Monday, November 28, 2011

Mt. Hiei

Last weekend, Wendy and the kids spent the night at a temple near Yase as part of the Alexander retreat.  I went out on Saturday and saw where things were, but had to head in to downtown that evening since my lab was having a special annual dinner for all current and previous group members.  We ate at ifuji (いふじ) which was a really good traditional Japanese restaurant.  I don't know what the food is called, but there was a big pot of boiling water that you cooked meat and vegetables in.

The next morning, I went back up to the end of the railway to the temple (I can't read the Kanji and don't know what it is called).
If you take the Eizan line to the end (to Yase), here you are!

The kids and I decided to take the train up to the top of Mt. Hiei.  The first train is a Funicular train, with two cars that go past each other.  

I keep telling the kids that they need to smile for the pictures since they might end up on the blog.  So far, we've not been super successful at this.  But, if you look at the right half of the first picture and the left half of the second....

Hmm.  Maybe I can 'shop it...
PERFECT!  I'ts just they way it looked.  (Maybe I should consider a career in graphic arts?  Please contact me...)

Then, we took a cable car from half-way up to the very top!  
Kyoto from the top of Mt. Hiei!

It was an amazing sight, and N, M and I walked a long way to a big famous temple complex called Enryakuji.  

There is also a pretty garden museum at the top of the mountain where we ate lunch.  It wasn't quite the right season for the museum, and it was cold up there, but we walked through quickly.  The kids did their famous "bridge on a bridge" pose.

Stay tuned for more adventures!

Saturday, November 26, 2011

Kyoto marathon!

I just found out 2 days ago that I made the lottery for the Kyoto marathon to be held on March 11th!  So, I'll be training for that as well.  Wish me luck.
The 20 mile mark (about) is right by our apartment!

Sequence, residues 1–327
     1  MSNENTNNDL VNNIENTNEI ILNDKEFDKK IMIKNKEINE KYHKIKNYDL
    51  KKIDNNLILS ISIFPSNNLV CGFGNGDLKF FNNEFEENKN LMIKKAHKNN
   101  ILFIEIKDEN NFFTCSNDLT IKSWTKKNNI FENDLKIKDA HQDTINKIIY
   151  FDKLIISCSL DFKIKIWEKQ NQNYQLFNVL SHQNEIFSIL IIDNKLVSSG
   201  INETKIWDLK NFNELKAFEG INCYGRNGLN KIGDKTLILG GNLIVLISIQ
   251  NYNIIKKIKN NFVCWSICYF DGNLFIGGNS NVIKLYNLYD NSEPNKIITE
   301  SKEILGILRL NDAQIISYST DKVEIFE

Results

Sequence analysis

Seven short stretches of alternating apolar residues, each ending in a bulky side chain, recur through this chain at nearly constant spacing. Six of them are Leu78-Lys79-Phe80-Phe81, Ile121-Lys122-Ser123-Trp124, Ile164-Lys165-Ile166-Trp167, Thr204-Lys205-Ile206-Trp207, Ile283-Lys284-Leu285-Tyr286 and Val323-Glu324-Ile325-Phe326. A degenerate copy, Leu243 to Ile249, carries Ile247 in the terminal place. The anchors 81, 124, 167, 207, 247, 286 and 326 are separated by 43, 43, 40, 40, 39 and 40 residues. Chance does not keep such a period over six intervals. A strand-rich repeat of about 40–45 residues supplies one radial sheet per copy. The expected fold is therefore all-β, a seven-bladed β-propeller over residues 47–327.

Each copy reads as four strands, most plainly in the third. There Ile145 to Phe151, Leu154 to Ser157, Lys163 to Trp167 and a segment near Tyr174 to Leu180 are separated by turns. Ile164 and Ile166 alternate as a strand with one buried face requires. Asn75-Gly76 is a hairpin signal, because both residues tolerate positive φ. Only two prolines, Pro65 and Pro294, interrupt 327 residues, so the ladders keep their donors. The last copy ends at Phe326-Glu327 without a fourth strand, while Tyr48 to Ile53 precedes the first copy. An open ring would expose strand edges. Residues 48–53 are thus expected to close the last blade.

fushimi inari

We went to Fushimi Inari a few weeks ago and I'm just now getting a chance to put up photos.  It is a shrine that has thousands and thousands or vermillion tori lining the paths.  There is a loop that is (we think) about 5 km long; we walked to the beginning of the loop and up and around a little ways.  It is just amazing.  There are sections where the tori are only inches apart, and other sections where they are more widely spaced.  You are walking through a forest, and yet, enclosed within these gates.
here we are towards the beginning

W and her parents went right; the kids and I went left

The kiddos enclosed in a tunnel of tori; we counted; there are at least 4-500 in this short 200 m section

We hiked up to a small lake and a little further on were some small shrines.

the fox is a messenger god; there were many foxes here, some with messages in their mouths, and others with no message

Its places like this that make me wish that 
a)  I wasn't totally illiterate
b) I knew something about Shinto

But it was really beautiful!

Thursday, November 24, 2011

school play

About 2 weeks ago, both kids were involved in the school-wide theater extravaganza.  It was all morning on a weekday; each grade did songs, skits, or both.  The 3rd graders did a recorder recital, while the 5th and 6th graders did complex multi-media plays.

M's first grade class did a series of songs that was about a trip to the zoo.  Here is the intro song:

N's 4th grade class did a long complicated skit about epic battles.  When we asked him what it was about, he said he didn't know.  Here is the sword fight scene:

The skit ended with a nice song (camera ran out of batteries, but you get the idea):

We really have no idea what was going on, but it was a lot of fun!

One thing we noticed is how much time was spent at school learning parts, and how seriously everyone was.  Part of every day for the last few weeks has been learning the songs and practicing on stage.  The kids all did a great job.  I honestly think that you would have a hard time finding such well-behaved kids (and well-organized and well-disciplined) in the US.  Its just a different ethic here.  Everyone took it very seriously.  And looking at M's class songs, where everyone was doing the motions in unison, it was really well done.

Wednesday, November 9, 2011

Toy store in Japan

Natty found these gems at Izumia (sing it:  I-Zu-me-yaaaa!!!)

First up:  creepy Japanese solar-powered bobbleheads:

And next two talking hamsters channeling the "talking Carl" internet meme:

That's all for today!